The inside surface of the sarcolemma is negatively charged compared to the outside surface. Sodium ions diffuse inward along favorable chemical and electrical gradients.
Excitation-contraction coupling is a series of events that occur after the events of the neuromuscular junction have transpired. The term excitation refers to which step in the process?
Excitation, in this case, refers to the propagation of action potentials along the sarcolemma.
Excitation of the sarcolemma is coupled or linked to the contraction of a skeletal muscle fiber. What specific event initiates the contraction?
Calcium release from the sarcoplasmic reticulum initiates the contraction.
A triad is composed of a T-tubule and two adjacent terminal cisternae of the sarcoplasmic reticulum. How are these components connected?
A series of proteins that control calcium release.
What is name given to the regularly spaced infoldings of the sarcolemma?
transverse or T tubules
Which of the following is most directly responsible for the coupling of excitation to contraction of skeletal muscle fibers?
Calcium ions.
What is the relationship between the number of motor neurons recruited and the number of skeletal muscle fibers innervated?
Typically, hundreds of skeletal muscle fibers are innervated by a single motor neuron.
The cross bridge cycle is a series of molecular events that occur after excitation of the sarcolemma. What is a cross bridge?
A myosin head bound to actin
What structure is the functional unit of contraction in a skeletal muscle fiber?
The sarcomere
Calcium ions couple excitation of a skeletal muscle fiber to contraction of the fiber. Where are calcium ions stored within the fiber?
Calcium ions are stored in the sarcoplasmic reticulum.
After a power stroke, the myosin head must detach from actin before another power stroke can occur. What causes cross bridge detachment?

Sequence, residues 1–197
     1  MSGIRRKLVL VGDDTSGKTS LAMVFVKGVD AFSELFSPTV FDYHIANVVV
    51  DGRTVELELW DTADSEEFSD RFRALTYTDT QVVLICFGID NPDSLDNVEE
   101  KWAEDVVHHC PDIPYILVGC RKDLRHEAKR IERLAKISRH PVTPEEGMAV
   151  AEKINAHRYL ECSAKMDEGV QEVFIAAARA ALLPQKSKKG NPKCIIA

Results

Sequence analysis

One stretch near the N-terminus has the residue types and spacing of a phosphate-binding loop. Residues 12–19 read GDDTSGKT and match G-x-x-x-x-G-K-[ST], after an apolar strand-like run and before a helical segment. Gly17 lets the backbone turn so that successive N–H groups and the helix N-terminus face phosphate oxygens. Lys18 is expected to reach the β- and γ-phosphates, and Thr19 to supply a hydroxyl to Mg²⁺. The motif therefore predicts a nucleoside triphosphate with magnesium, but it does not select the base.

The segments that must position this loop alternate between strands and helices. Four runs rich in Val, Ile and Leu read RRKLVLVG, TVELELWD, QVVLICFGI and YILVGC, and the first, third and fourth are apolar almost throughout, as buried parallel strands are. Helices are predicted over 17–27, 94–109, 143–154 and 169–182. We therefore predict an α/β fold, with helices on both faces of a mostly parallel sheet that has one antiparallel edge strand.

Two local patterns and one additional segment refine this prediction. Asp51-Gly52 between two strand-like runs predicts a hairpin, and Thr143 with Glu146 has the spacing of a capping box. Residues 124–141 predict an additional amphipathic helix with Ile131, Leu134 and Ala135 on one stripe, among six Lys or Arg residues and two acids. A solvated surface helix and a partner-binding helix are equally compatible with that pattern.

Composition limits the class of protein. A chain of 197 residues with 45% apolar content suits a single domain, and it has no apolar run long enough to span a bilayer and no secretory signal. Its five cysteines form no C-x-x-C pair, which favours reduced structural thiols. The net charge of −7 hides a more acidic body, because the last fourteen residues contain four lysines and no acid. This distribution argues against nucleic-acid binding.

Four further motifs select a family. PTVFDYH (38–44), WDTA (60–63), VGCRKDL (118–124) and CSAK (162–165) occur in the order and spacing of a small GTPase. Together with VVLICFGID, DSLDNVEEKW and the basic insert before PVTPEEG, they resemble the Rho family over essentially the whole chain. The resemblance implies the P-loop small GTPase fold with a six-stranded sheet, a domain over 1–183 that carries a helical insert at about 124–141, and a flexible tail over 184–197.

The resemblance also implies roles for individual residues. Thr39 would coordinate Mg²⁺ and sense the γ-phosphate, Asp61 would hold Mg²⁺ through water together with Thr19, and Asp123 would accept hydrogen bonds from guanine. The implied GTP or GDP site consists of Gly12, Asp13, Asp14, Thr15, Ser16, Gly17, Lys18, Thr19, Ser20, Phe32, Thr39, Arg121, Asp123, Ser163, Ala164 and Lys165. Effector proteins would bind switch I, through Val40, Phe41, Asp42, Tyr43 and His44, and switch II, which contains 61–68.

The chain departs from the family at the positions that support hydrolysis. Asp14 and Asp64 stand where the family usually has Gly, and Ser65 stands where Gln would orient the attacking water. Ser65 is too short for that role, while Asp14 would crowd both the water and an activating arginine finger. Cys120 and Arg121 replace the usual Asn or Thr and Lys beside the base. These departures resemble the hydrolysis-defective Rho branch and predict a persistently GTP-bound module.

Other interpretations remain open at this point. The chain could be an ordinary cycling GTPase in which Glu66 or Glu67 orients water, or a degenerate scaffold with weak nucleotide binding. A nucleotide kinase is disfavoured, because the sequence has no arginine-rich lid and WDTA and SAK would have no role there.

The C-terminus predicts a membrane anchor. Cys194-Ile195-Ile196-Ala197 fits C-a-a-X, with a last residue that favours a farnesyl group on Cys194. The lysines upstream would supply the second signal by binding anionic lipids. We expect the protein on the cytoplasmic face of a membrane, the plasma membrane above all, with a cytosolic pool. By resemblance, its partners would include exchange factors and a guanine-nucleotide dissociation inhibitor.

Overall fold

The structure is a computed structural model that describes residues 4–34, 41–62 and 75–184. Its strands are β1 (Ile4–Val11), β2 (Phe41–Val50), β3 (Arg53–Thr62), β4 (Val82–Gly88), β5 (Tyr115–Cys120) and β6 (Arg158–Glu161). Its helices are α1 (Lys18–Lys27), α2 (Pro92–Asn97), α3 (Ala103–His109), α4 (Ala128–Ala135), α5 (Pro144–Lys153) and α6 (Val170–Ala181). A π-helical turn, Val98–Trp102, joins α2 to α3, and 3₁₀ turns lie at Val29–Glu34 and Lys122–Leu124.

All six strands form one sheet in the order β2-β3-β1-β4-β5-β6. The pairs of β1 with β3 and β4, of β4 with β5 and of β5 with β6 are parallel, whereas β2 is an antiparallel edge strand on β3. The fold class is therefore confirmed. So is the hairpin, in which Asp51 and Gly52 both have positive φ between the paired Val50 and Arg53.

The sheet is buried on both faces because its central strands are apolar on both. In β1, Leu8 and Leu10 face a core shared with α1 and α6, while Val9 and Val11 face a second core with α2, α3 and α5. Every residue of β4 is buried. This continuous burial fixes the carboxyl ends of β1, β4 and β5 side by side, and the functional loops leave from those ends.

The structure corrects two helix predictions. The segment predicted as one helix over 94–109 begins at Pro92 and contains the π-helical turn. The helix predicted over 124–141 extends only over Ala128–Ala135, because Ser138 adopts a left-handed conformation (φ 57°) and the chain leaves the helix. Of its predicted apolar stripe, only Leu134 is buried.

ATP binds to the myosin head.
How does the myosin head obtain the energy required for activation?
The energy comes from the hydrolysis of ATP.
What specific event triggers the uncovering of the myosin binding site on actin?
Calcium ions bind to troponin and change its shape.
When does cross bridge cycling end?
Cross bridge cycling ends when sufficient calcium has been actively transported back into the sarcoplasmic reticulum to allow calcium to unbind from troponin.
In a neuromuscular junction, synaptic vesicles in the motor neuron contain which neurotransmitter?
when an action potential arrives at the axon terminal of a motor neuron, which ion channels open?
voltage-gated calcium chanels
what means of membrane transport is used to release the neurotransmitter into the synaptic cleft?
the binding of the neurotransmitter to receptors on the motor end plate causes which of the following to occur?
Binding of the neurotransmitter causes chemically gated sodium channels to open in the motor end plate.
How is acetylcholine (ACh) removed from the synaptic cleft?
acetylcholinesterase (AChE; an enzyme)
The action potential on the muscle cell leads to contraction due to the release of calcium ions. Where are calcium ions stored in the muscle cell?